FLUORESCENCE EXAMINATION

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Technique Name:
Fluorescence Examination
Surface Used On:
Non-Destructive for all surfaces.
Sensitive To:
Absorption/Emmittence of various light wavelengths.
Development Color: Method to Record: Hazard: Protective Clothing: Fume Hood Use:

N/A

Eye Damage

Eye Protection

Not
Reagent Characteristics

Development Complete When:

Source of Error:

Incompatibilities:

Precautions:

Storage Container:

Safety:

Recommendations:


Similar Reagents



Sequential Reagents
(Not necessarily in this order.)



FLUORESCENCE EXAMINATION :
USED FOR:

1. Luminescence of natural 
   components in latent print residue.
2. Fluorescent fingerprint powders.
3. Fluorescent dye stains.
4. Darkening blood impressions.
5. Fluorescing fluids for refrigerants,
   transmissions, fuels and coolants.
6. Fluorescent physiological fluids.
7. Luminesces backgrounds for 
   contrast improvement.

CENTERED WAVELENGTHS:

A. 300 nm to 400 nm
Fluorescing U-V sensitive 
powders or dyes.
Fluorescing physiological fluids.
Ardrox excitation.


B. 400 nm to 450 nm
R.A.Y. excitation.
Absorbing blood\bite mark detail.
Fluorescing physiological fluids.


C. 455 nm to 515 nm
Searching on non-fluorescent
backgrounds.
Basic Yellow 40 excitation.
Zinc chloride excitation.


D. 550 nm to 590 nm
Searching on highly 
fluorescent backgrounds.
DFO excitation.
PROCEDURE OF APPLICATION

A. 
Reduce ambient light.
B. 
Aim the light from the
Forensic Light Source.
C.
View the item using 
Yellow, Red or Orange
colored goggles.
D.
Photograph detail using
colored fiters similar to 
the viewing goggles.


Ridge Detail Visualized by:

Forensic Light Source induced.


Reagent Applicabilities:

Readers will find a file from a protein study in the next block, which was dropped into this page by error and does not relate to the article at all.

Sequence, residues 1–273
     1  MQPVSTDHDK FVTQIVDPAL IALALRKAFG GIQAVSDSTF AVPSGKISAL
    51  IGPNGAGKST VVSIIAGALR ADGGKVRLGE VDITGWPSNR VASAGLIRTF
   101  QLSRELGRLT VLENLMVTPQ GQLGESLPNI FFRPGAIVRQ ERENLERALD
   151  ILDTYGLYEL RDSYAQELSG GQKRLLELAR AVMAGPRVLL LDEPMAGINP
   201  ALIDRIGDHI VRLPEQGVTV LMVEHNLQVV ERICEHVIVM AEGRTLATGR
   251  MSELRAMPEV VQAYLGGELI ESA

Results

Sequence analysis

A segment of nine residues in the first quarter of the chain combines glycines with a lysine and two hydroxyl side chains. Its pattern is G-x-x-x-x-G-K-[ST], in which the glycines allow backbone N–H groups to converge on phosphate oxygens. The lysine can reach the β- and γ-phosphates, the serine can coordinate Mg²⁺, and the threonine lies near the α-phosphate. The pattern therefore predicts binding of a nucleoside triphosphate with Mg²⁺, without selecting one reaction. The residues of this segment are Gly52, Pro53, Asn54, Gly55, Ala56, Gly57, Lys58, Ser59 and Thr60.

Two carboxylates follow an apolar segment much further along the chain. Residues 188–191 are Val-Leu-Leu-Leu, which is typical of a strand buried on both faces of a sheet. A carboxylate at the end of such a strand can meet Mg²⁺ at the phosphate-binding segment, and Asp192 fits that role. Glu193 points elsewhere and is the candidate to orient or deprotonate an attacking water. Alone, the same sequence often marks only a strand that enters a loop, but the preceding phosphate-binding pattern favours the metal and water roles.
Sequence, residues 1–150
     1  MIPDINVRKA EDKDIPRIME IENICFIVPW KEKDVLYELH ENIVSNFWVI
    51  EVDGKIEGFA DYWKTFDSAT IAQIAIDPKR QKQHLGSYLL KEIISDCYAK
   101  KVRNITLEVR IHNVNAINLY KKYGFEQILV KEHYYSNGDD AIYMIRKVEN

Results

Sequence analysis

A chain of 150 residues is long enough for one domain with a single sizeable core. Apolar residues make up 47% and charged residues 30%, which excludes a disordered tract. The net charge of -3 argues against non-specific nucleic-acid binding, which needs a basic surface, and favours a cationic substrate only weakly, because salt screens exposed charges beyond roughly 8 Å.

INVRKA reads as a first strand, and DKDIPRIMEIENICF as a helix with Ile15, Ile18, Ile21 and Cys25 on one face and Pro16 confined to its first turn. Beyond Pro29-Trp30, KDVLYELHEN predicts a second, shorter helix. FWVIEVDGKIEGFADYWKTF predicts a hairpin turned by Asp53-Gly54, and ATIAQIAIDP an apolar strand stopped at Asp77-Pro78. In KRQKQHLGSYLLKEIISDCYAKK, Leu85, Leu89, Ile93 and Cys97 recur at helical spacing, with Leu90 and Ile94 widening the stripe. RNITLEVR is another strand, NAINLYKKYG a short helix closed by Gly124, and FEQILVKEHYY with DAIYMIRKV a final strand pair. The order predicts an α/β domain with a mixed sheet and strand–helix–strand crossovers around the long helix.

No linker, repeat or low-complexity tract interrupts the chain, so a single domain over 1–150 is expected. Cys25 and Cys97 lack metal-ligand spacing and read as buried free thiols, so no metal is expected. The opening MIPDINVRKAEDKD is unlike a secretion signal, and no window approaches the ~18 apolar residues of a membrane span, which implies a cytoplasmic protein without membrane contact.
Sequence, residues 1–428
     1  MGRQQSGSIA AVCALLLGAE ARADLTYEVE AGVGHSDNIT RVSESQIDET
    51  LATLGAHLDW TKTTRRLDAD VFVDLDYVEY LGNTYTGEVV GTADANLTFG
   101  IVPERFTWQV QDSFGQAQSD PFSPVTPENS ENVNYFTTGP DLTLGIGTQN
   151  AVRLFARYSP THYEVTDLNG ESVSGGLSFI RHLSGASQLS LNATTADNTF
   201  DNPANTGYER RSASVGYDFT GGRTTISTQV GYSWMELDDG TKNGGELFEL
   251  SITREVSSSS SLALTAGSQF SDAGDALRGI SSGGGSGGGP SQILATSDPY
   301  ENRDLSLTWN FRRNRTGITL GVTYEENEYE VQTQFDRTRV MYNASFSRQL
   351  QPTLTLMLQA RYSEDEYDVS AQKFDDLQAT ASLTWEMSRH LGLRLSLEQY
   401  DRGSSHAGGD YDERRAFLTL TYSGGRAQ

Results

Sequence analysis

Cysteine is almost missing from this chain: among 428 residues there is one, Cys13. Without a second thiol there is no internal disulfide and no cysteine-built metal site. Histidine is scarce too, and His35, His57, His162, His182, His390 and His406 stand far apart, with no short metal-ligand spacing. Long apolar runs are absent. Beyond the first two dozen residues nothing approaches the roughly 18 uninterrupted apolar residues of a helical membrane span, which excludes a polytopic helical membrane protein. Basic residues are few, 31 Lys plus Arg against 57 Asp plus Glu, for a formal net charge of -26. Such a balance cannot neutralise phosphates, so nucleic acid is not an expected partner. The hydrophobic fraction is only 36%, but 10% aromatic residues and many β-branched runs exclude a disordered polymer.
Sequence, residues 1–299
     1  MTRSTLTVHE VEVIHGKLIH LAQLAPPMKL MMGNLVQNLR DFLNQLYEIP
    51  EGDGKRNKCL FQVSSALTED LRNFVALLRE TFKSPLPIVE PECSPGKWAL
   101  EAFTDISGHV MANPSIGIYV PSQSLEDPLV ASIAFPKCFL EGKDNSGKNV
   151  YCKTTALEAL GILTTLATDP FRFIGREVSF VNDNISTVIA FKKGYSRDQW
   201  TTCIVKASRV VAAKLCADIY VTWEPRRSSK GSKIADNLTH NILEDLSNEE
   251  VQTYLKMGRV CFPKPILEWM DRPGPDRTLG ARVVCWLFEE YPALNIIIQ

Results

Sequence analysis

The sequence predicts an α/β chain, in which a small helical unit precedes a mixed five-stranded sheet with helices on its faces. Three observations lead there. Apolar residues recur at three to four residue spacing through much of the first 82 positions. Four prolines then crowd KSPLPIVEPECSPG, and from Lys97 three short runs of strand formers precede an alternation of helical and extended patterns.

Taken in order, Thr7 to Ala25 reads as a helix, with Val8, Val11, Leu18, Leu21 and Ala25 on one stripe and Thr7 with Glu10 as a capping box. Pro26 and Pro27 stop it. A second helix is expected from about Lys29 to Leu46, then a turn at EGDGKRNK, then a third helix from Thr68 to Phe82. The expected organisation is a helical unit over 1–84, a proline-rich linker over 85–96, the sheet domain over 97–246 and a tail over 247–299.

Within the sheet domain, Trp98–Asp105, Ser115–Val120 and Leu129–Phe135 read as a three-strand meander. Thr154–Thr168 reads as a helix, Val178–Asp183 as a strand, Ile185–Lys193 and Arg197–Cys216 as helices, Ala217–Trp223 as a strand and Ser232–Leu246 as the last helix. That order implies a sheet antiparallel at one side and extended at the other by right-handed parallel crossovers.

Non-Destructive
Porous sufaces
Non-Porous surfaces


Other Name(s):

Alternate Light Source
Forensic Light Source
Laser


Process Summary:
A non-destructive technique to note the presence of visible detail. Several models of Forensic Light Sources are available, most of which provide an excitation wavelength range from 350 nm to 600 nm. Improved viewing of the ridge detail is accomplished either by rendering the ridge detail darker upon viewing in an absorbtion mode, or, through fluorescence of the ridge detail which is either rendered luminescent when exposed to the light, or made fluorescent by the addition of chemicals. Orange, Red or Yellow viewing barrier filters (viewing goggles) are used for viewing or during photography of the detail. The goal of Fluorescent examinations is to achieve the maximum fluorescence of the ridge detail with the minimum of background fluorescence/reflection.
Accepted Deviations:
Adjusting the wavelength of the light source may produce better visualization results. Different manufacturers produce products that provide excitation wavelengths at different pre-selected wavelengths, and over different wavelength range.
Supporting Reference Materials:
1. Advances in Fingeprint Technology 2nd. Ed., Lee, H.C. & Gaensslen, R.E., CRC Press, Boca Raton, FL., 2001.
2. Manual of Fingerprint Development Techniques 2nd. Ed., Home Office - Police Scientific Development Branch, White Crescent Press, Ltd., Luton, England, 2001.

Return to: Main Page   ||  Porous Surfaces  ||  Non-Porous Surfaces  ||  Fluorescent Techniques  ||  Non-Destructive  ||  Post-Cyanoacrylate  ]